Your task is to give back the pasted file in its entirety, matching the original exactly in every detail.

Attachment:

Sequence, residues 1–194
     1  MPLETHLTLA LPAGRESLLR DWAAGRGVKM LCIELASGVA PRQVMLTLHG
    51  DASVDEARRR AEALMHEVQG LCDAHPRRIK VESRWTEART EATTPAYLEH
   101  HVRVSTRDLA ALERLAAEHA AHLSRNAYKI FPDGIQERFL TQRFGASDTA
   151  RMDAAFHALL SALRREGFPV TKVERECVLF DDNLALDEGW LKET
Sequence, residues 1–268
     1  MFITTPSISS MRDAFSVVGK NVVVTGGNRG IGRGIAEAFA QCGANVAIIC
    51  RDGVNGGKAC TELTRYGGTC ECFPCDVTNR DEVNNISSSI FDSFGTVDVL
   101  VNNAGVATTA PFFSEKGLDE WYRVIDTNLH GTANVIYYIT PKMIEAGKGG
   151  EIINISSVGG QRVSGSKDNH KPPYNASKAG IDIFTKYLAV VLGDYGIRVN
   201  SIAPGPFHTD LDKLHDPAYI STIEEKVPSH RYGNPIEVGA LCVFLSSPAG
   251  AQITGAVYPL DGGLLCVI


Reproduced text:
Sequence, residues 1–194
     1  MPLETHLTLA LPAGRESLLR DWAAGRGVKM LCIELASGVA PRQVMLTLHG
    51  DASVDEARRR AEALMHEVQG LCDAHPRRIK VESRWTEART EATTPAYLEH
   101  HVRVSTRDLA ALERLAAEHA AHLSRNAYKI FPDGIQERFL TQRFGASDTA
   151  RMDAAFHALL SALRREGFPV TKVERECVLF DDNLALDEGW LKET
Sequence, residues 1–268
     1  MFITTPSISS MRDAFSVVGK NVVVTGGNRG IGRGIAEAFA QCGANVAIIC
    51  RDGVNGGKAC TELTRYGGTC ECFPCDVTNR DEVNNISSSI FDSFGTVDVL
   101  VNNAGVATTA PFFSEKGLDE WYRVIDTNLH GTANVIYYIT PKMIEAGKGG
   151  EIINISSVGG QRVSGSKDNH KPPYNASKAG IDIFTKYLAV VLGDYGIRVN
   201  SIAPGPFHTD LDKLHDPAYI STIEEKVPSH RYGNPIEVGA LCVFLSSPAG
   251  AQITGAVYPL DGGLLCVI